“It’s so rewarding to create joy in a time of isolation”: Meet the 22-year-old building skating rinks in backyards across the GTA

“It’s so rewarding to create joy in a time of isolation”: Meet the 22-year-old building skating rinks in backyards across the GTA

Noah Roelofsen has built hundreds of backyard skating pads through his family business, Rink Build. The 22-year-old describes taking over the company just as Covid cancelled hockey leagues and closed community rinks.

As told to Luc Rinaldi

“Growing up, the hockey rink was my second home. My family moved from Vancouver to Toronto when I was eight, and I learned to skate soon after. I played for my school teams, but my true love was shinny. I practically lived at the Dufferin Grove rink most winters, playing pickup games with an ever-rotating roster of skaters. Every Saturday, my family would walk to the winter farmers’ market at Wychwood Barns, where my parents would sip hot apple cider while the neighbourhood kids and I took shots on a grizzled old goalie who padded up every weekend without fail. I loved the sense of community I found on the ice.

“For my 12th birthday, my dad—clearly tuning into my obsession—suggested building a small skating rink in the backyard of our house in Oakwood Village. It took a few days of hard work to put the rink together, but it was worth it. When my birthday arrived, my friends couldn’t believe it. We had a blast skating that day—and the party never stopped. We invited just about everyone we knew to skate in our backyard that winter. It wasn’t long before some of them started asking if we could build rinks in their yards, too.

“Over the next decade, my family turned our one-off idea into a backyard ice-pad business called Rink Build. It seemed meant to be: my dad ran a truck and trailer cleaning service during the summer, which meant he had staff—and a whole lot of water—on hand come wintertime, when power-washing jobs typically dried up. So my dad took the lead, my mom handled emails and finances, and my younger sister and I helped with the builds. Last year, we made our largest rink ever—120 by 60 feet—for a community centre. Not quite an NHL arena, but not bad for some DIYers who started with a tween’s birthday party.

“This year, my dad passed the Rink Build business down to me. It might have been nerve-racking if not for the fact that I’ve been starting businesses all my life. When the pandemic began, I launched a door-to-door mailbox-sanitizing service; I have a side hustle selling my crocheted hats on Instagram; and I can’t wait to resume dinnerparties.ca, a website I run where you can hire local chefs to cook for your dinner parties. I have a bit of formal business training from Acadia and Ryerson Universities, but I’ve always preferred learning by doing.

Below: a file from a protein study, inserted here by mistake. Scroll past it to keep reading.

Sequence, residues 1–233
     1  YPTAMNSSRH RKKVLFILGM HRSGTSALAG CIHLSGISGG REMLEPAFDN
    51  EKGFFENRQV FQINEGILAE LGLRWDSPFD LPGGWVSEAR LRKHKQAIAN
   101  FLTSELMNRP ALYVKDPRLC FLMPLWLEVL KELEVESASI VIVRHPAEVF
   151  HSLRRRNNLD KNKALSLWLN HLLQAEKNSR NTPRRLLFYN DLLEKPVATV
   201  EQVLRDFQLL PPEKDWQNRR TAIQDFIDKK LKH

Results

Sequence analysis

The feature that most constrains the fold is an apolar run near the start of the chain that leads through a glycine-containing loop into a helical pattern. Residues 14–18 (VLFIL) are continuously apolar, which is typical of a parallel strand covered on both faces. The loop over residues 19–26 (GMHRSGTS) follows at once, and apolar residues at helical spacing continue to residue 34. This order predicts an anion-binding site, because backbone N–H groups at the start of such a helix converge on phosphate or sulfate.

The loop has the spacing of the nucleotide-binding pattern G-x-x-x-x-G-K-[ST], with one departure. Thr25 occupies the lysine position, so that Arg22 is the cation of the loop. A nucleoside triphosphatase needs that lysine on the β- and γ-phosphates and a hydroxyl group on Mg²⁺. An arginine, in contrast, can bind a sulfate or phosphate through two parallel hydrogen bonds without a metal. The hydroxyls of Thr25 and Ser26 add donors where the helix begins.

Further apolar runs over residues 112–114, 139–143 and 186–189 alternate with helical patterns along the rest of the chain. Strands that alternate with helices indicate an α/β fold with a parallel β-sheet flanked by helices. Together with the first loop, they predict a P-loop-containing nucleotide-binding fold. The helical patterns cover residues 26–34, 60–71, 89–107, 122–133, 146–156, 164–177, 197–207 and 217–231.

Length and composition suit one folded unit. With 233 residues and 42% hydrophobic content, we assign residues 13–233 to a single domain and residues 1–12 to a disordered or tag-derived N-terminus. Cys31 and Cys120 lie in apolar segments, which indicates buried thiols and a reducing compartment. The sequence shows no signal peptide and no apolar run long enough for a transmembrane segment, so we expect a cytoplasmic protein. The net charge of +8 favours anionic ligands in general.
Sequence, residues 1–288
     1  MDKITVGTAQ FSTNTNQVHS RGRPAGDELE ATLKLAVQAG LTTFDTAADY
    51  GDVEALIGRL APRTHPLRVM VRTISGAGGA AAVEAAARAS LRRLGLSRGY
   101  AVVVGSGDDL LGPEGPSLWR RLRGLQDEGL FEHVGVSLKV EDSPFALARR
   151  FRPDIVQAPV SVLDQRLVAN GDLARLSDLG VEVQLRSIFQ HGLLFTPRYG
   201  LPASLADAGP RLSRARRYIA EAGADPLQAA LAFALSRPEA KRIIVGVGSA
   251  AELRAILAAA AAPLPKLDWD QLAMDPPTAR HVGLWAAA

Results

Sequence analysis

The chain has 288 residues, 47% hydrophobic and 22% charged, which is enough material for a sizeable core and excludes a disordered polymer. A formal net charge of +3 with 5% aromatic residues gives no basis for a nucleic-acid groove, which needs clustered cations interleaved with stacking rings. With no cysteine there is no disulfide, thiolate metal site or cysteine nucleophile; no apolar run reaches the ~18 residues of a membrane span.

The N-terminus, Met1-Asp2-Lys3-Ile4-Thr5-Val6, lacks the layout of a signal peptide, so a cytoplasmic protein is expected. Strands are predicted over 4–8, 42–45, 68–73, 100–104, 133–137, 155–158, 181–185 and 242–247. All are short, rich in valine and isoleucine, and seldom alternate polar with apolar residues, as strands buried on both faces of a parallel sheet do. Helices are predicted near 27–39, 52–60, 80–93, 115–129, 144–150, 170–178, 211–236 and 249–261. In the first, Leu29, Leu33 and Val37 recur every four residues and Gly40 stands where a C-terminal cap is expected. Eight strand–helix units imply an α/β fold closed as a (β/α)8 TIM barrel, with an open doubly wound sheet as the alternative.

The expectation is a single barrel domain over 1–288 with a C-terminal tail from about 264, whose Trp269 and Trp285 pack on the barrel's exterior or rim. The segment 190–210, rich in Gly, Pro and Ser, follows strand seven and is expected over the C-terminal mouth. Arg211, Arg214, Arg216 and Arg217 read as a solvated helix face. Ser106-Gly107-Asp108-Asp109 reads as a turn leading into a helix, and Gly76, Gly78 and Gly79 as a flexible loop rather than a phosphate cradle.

“Still, there couldn’t have been a more dramatic time to take over the family business. With community rinks closed and hockey leagues cancelled because of Covid, people are in desperate need of places to skate. In an average year, we build 20 to 30 rinks. This season, we’ve already built 40, and it’s technically not even winter yet. We’ve been getting requests since August.

“When we get an inquiry, I visit the customer’s house and inspect their backyard with a laser level (there’s no such thing as a completely flat yard). Once I’ve taken measurements, I provide a quote within 48 hours: our rinks start at $995 for anything smaller than 16 by 16 feet and go up from there. If the customer gives the okay, we build a frame—a rectangle made from planks of wood, which can be reused year after year (my parents still have the one we built for my birthday in their yard). Once it’s cold enough, we fit the frame with a tarp liner and start filling it with water from the customer’s hose. It takes about 12 hours to fill the entire rink, but the extra water usually costs just $80. Finally, Mother Nature takes its course and you’re left with a skating rink.

“Our goal is to build 200 rinks by the end of the season. Besides family members, we have two full-time employees, a geology student and an industrial design student, and my dad just trained two more (my old man technically works for me now). I’ve made sure that everyone on our team is young and personable, so that we’re spreading positivity. That’s really important to me.

“At the end of every job, I spend some time chatting or sharing a coffee with the customer. We’re a family business, and I want everyone to feel like they’re part of the family. It’s also my favourite part of the job: hearing from moms and dads that their kids are inside watching from the window, jumping up and down with excitement.

“That’s why we do this. It’s so rewarding to help create joy in a time of such isolation. Covid has next to no silver lining, but we’re embracing the fact that people are looking for safe, creative ways to have fun. So many parents want to throw money at us because their teen’s hockey season was called off, or because they want to get their children off their phones, or because they want to be able to say, ‘My kids could skate before they could walk.’

“I think every child should learn how to skate. To me, it feels like a rite of passage. It helps create community, too. When you can skate, you can join a hockey team, go to the rink with your friends or make new ones playing pickup. I have so many fond memories on the ice, and I would have hated for Covid to rob the younger generation of the chance to make great memories of their own.”